Overall, 9.8% of isolates were nonsusceptible to aminoglycosides, and a higher proportion were nonsusceptible for patients with healthcare exposure (community-acquired, community-onset 3.6%; healthcare-associated, community-onset 8.5%; hospital-onset 16.7%, p<0.01). Overall, nonsusceptibility to aminoglycosides decreased (10.9% in 2003–2007 and 9.0% in 2008–2013, p<0.01 by test for trend). However, nonsusceptibility increased for community-acquired, community-onset isolates (2.9% in 2003–2007 and 4.1% in 2008–2013, p = 0.01 by test for trend) and decreased for hospital-onset isolates (18.6% in 2003–2007 and 14.8% in 2008–2013, p<0.01 by test for trend).
Fluoroquinolone nonsusceptibility for all isolates was 12.6%, and higher proportions were observed for patients with healthcare exposure (community-acquired, community-onset 5.3%; healthcare-associated, community-onset 11.6%; hospital-onset 20.1%, p<0.01). Among all isolates, the nonsusceptible proportion was stable during the study (p = 0.12 by test for trend). However, there were increasing nonsusceptibility rates for community-acquired, community-onset isolates (4.7% in 2003–2007 and 5.6% in 2008–2013, p = 0.04 by test for trend), and there were no changes observed for other healthcare-associated, community-onset (p = 0.41) and hospital-onset (p = 0.28) isolates.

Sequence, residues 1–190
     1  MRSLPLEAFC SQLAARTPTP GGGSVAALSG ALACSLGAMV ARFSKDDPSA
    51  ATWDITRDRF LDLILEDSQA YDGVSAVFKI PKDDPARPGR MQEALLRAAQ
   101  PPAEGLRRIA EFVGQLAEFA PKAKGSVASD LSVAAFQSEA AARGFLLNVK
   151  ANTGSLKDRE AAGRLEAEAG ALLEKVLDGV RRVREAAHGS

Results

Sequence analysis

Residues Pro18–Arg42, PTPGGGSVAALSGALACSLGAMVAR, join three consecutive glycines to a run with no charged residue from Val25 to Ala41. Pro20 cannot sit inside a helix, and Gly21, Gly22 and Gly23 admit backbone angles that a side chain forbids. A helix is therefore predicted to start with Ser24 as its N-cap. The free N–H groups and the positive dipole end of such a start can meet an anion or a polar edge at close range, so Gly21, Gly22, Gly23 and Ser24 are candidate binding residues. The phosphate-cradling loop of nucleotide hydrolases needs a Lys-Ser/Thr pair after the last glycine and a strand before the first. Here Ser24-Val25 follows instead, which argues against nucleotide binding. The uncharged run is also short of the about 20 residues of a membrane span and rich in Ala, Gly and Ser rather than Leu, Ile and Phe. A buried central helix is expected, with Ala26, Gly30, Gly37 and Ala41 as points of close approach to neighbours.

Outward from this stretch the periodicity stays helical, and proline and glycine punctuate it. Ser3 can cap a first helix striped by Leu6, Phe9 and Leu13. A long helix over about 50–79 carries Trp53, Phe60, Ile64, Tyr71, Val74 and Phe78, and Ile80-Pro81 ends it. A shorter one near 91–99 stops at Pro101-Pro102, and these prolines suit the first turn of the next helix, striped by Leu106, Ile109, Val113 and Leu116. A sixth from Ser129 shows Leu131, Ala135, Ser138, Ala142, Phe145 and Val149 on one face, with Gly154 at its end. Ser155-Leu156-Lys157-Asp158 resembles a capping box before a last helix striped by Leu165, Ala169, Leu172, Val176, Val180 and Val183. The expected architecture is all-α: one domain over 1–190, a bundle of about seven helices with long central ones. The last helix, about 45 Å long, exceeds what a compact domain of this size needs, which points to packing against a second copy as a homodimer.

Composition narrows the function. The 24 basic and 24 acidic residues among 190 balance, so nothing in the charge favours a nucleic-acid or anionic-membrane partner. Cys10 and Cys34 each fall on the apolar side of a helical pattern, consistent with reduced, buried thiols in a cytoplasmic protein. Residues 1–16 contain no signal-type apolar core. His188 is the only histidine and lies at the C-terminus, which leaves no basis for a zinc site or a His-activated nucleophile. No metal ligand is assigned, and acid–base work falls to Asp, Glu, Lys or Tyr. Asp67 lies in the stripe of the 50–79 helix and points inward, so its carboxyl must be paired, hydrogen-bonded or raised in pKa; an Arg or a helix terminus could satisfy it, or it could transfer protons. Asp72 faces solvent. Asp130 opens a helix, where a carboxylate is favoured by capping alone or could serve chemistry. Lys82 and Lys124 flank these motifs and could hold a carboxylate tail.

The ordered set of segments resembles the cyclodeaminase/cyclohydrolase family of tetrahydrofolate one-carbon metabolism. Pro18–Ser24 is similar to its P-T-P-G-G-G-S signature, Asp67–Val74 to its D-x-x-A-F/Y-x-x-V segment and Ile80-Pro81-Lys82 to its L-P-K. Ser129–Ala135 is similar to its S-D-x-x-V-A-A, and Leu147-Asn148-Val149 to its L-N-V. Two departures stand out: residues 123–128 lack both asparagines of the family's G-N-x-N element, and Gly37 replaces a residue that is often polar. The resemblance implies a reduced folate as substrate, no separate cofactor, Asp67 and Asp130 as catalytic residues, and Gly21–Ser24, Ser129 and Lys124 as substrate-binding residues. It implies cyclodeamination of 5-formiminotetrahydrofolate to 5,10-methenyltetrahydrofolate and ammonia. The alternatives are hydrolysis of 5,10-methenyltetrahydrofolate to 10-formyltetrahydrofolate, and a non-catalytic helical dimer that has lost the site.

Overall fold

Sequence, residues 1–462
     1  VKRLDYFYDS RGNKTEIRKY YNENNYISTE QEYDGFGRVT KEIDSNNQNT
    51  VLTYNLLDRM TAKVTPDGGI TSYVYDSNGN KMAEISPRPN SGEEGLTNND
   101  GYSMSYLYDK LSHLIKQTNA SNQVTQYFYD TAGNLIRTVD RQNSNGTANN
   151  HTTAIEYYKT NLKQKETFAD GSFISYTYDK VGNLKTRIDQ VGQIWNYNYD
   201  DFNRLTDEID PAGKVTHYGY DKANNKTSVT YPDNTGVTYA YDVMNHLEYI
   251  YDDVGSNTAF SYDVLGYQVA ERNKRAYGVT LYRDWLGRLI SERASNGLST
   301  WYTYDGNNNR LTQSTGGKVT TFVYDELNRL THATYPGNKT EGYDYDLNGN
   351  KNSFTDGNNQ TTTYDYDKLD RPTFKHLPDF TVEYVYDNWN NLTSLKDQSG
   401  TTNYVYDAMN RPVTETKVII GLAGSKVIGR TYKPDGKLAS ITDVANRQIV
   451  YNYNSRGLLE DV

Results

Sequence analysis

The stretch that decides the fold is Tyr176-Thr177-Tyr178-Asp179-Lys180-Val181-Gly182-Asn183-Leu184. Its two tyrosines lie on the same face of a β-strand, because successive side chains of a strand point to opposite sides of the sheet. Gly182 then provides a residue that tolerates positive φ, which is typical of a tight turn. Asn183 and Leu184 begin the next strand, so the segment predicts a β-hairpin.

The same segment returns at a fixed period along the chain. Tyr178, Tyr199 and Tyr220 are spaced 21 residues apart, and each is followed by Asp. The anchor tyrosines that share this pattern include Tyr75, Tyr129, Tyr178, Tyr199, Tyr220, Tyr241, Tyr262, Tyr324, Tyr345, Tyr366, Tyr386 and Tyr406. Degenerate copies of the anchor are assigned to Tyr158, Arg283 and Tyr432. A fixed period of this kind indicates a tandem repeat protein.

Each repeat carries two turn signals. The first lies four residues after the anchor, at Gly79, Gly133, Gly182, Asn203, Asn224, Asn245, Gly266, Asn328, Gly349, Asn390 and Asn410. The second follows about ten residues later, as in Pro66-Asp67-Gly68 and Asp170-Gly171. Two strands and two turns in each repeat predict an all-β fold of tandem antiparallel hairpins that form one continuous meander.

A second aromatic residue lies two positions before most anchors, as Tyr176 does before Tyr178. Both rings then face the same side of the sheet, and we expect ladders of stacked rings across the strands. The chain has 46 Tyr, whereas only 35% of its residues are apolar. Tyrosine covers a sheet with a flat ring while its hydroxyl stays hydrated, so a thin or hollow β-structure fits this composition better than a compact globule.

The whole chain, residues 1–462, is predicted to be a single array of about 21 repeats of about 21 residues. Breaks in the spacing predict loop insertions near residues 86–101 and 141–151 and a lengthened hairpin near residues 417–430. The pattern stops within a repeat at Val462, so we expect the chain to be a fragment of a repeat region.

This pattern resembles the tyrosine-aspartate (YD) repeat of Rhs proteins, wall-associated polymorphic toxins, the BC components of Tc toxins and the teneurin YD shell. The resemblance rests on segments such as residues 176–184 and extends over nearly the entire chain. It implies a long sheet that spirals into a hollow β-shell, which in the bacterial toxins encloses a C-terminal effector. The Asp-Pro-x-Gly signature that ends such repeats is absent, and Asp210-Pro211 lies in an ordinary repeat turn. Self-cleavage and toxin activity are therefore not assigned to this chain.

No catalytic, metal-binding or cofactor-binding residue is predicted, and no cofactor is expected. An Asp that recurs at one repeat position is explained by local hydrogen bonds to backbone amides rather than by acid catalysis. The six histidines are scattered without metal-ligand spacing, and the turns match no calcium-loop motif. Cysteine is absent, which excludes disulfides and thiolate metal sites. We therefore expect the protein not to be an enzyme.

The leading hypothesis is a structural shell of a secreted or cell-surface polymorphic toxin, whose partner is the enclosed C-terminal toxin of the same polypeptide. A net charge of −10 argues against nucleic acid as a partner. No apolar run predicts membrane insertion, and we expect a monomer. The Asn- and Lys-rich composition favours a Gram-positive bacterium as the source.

Antipseudomonal carbapenem nonsusceptibility was reported for 15.8% of all isolates (Figure 3). The rates for antipseudomonal carbapenem-nonsusceptible isolates were stable during the study (p = 0.66 by test for trend). For community-acquired, community-onset isolates, the proportion of nonsusceptible isolates increased (4.8% in 2003–2007 and 7.9% in 2008–2013, p = 0.03 by test for trend), but there was no significant trend for other categories (healthcare-associated, community-onset; p = 0.45 and hospital-onset; p = 0.40). Healthcare exposure was associated with higher rates of nonsusceptibility to antipseudomonal carbapenems (community-acquired, community-onset 6.6%; healthcare-associated, community-onset 10.0%; and hospital-onset 24.1%, p<0.01).